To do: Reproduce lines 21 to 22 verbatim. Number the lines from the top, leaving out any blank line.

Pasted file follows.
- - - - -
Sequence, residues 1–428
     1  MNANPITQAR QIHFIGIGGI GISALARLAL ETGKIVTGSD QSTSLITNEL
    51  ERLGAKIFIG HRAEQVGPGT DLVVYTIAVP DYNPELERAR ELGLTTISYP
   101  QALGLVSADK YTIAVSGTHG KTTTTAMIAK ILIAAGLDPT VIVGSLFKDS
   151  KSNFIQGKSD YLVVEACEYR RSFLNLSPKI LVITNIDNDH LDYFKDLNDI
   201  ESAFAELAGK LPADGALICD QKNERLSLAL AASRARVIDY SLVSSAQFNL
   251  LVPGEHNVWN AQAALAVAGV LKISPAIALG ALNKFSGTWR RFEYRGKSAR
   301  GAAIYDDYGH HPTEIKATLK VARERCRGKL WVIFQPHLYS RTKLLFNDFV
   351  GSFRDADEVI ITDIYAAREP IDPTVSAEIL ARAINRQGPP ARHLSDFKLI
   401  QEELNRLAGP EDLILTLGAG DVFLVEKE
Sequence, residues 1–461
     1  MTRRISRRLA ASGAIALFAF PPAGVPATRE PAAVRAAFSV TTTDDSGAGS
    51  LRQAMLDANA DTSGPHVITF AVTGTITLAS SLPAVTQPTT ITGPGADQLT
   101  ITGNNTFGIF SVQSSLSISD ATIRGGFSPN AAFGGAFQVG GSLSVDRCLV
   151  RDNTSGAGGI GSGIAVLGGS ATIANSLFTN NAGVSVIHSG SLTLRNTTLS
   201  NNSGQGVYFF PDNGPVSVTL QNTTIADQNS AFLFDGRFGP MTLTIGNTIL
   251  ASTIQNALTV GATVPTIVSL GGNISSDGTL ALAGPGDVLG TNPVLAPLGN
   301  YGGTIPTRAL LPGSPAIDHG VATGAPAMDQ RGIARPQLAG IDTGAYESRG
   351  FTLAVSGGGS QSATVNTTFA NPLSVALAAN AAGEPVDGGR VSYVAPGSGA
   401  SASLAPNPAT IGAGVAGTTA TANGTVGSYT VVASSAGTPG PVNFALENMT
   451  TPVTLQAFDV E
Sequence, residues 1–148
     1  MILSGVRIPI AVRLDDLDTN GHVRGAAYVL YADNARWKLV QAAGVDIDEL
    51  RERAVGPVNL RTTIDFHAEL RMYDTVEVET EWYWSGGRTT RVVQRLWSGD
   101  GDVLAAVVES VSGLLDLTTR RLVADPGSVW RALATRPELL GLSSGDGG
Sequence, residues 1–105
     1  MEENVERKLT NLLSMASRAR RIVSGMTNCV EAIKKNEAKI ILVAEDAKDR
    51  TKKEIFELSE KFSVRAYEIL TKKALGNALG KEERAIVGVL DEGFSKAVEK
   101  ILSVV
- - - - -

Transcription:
   451  TPVTLQAFDV E
Sequence, residues 1–148